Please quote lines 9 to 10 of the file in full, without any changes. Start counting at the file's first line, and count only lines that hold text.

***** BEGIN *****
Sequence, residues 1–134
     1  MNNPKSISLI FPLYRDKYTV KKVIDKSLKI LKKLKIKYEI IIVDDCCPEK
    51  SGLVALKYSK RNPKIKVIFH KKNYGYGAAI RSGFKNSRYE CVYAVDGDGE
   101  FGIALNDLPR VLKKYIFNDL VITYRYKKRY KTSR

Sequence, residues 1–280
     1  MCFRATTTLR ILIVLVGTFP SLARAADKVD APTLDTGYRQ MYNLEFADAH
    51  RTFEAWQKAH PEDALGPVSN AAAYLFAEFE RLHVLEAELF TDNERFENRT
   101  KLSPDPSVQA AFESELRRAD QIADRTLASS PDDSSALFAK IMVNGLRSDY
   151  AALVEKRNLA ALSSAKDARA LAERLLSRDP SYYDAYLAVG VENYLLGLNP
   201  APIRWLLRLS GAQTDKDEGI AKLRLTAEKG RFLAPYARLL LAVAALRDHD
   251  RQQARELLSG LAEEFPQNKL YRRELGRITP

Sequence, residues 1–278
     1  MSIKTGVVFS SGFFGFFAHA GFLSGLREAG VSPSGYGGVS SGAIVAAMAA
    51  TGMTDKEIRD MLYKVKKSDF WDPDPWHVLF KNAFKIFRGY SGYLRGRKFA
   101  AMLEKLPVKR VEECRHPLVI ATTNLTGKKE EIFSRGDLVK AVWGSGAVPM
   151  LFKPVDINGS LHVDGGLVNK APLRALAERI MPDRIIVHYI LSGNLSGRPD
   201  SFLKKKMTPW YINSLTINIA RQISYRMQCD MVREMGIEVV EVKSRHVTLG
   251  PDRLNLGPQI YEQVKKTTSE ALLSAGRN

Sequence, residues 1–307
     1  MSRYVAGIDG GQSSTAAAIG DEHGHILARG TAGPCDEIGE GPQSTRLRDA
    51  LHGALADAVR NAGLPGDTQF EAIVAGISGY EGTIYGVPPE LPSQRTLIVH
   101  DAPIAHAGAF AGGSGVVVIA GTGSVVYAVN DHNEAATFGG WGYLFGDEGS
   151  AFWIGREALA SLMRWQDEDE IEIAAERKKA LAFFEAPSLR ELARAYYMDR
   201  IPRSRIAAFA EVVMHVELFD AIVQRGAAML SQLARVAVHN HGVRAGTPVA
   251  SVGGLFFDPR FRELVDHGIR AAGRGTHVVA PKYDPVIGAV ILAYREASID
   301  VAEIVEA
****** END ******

   151  AALVEKRNLA ALSSAKDARA LAERLLSRDP SYYDAYLAVG VENYLLGLNP
   201  APIRWLLRLS GAQTDKDEGI AKLRLTAEKG RFLAPYARLL LAVAALRDHD